• Real-time computer manipulations of acoustic instrumental sounds. Barely audible instrumental sounds were greatly amplified and then manipulated electronically.

  • Effect- and loop pedals, equipment normally used on electric guitars, were activated through close contact mics. A transducer transferred the cello sound into a nearby drum in the beginning and end of “Hybrid Spectacle”.


Video artist Birk Nygaard designed “Hybrid Spectacle” visually together with Vaage. Small cameras showed the connection between what we could see and what we could hear. The video parts included references to futurism. The use of laser as light and sound resource created a creative loop between the visual effects and the sound material, all projected onto three big screens placed behind the ensemble.


The process of “Hybrid Spectacle”:

1.Idea, development, discussion with collaborators; application for extra financial support

2.Workshop, electronics, and visuals; video documentation

3.Development of workshop scores for BIT20 Ensemble (divided into groups 2-5 musicians)

4.Workshops for the groups from BIT20 Ensemble with electronics; video documentation

5.Workshop for solo cello and electronics; video documentation

6.Composing “Hybrid 1” for solo cello and electronics (based on workshop findings)

7.Performing “Hybrid 1” - exploring possibilities for solo cello and electronics, trying out visuals

8.Series of workshops on the visuals

9.Preparation, analysis and creating a soundtrack from the video documentation

10.Dialogue with conductor, sound, and video artist

11.Composing “Hybridization” for ensemble, electronics, and visuals

12.Performing “Hybridization” - exploring the possibilities for ensemble with electronics and visuals

13.Preparation, analysis and creating a soundtrack for Hybrid Spectacle from the video documentation

14. Dialogue with the conductor, soloist (Ehde), sound and video artist

15.Composing “Hybrid Spectacle” for solo cello, ensemble, electronics, and visuals

16.Performing “Hybrid Spectacle” - recording for radio, and a multi-camera video production for TV



How is the term “unsettling” related to our project? We feel that our project is fundamentally unsettled. We unsettled our roles as composer and performer by mixing them into “comprovisation”. We unsettled our scores with the use of extended techniques and improvisation. We unsettled our sound by blending acoustic sounds with electronics. We unsettled our placement in the room by sending the sound from our instruments through a transducer into another instrument (In “Hybrid Spectacle” we transferred the cello sound into a resonating piano frame placed behind the audience). We are happy to keep on unsettling, and to stay unsettled. Our rehearsals are not a process of settling our result, but a refinement and a development of being unsettled.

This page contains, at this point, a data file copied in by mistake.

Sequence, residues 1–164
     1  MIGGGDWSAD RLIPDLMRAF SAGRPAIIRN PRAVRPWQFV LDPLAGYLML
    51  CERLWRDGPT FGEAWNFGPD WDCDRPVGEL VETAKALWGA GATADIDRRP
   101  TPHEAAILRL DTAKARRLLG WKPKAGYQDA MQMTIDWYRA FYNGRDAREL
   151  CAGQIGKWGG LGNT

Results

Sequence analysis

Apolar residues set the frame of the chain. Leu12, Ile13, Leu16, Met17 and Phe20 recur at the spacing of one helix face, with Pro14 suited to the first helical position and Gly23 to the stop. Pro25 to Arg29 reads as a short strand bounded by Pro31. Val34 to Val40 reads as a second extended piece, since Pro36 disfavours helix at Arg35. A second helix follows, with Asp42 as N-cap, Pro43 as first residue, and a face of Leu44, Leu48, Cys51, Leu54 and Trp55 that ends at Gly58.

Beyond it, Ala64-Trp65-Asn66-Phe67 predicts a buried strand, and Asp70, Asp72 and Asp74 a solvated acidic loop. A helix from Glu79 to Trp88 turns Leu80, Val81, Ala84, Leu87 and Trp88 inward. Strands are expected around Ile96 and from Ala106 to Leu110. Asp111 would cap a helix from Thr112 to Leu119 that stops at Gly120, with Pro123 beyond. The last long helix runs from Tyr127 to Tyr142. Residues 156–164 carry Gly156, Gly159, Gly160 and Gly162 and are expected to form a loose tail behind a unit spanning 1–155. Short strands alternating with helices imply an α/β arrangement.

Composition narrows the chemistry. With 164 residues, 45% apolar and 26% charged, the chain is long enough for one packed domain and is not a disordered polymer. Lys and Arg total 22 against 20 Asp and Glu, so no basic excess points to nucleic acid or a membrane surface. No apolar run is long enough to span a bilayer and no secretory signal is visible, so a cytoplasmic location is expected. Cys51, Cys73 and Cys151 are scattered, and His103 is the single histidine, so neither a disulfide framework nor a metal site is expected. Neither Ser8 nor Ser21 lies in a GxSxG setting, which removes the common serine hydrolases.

Do we have a style? If so, we have made our own style. All our music was created during our project period. We do not claim that what we did was fundamentally new, but we combined elements in our own way. We did not focus much on comparing our style with those of others. Our music evolved as a result of a process of mixing improvisation and composition, acoustic and electronic sounds. If we have a style, it is a personal one. Dialogue was extremely important in all parts of our project. All participating artists have influenced our style, from Ehde’s way of interpretating a solo etude to the Valen Trio’s way of interpretating the same material. Another example is Einar Røttingen’s performance of the piano solo piece “Rabalder”. “Hybrid Spectacle” combined the efforts of the BIT20 Ensemble with conductor Trond Madsen, John Ehde, John Hegre, Thorolf Thuestad and Birk Nygaard. All this gets boiled into what we might call a style. Will it become a style, or is it a process of ever-changing, unsettled, sound landscapes?


Results, production

This list contains the scores of the pieces made during our project. (Click on titles will link to PDF-versions of the scores). The scores can be ordered at the National Library in Oslo.



  • SVEV - Chamber Works by Knut Vaage - LAWO Classics, LWC1199


Online videos:

From “Composer-Performer Collaborations”

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Foto: Bente Elisabeth Finserås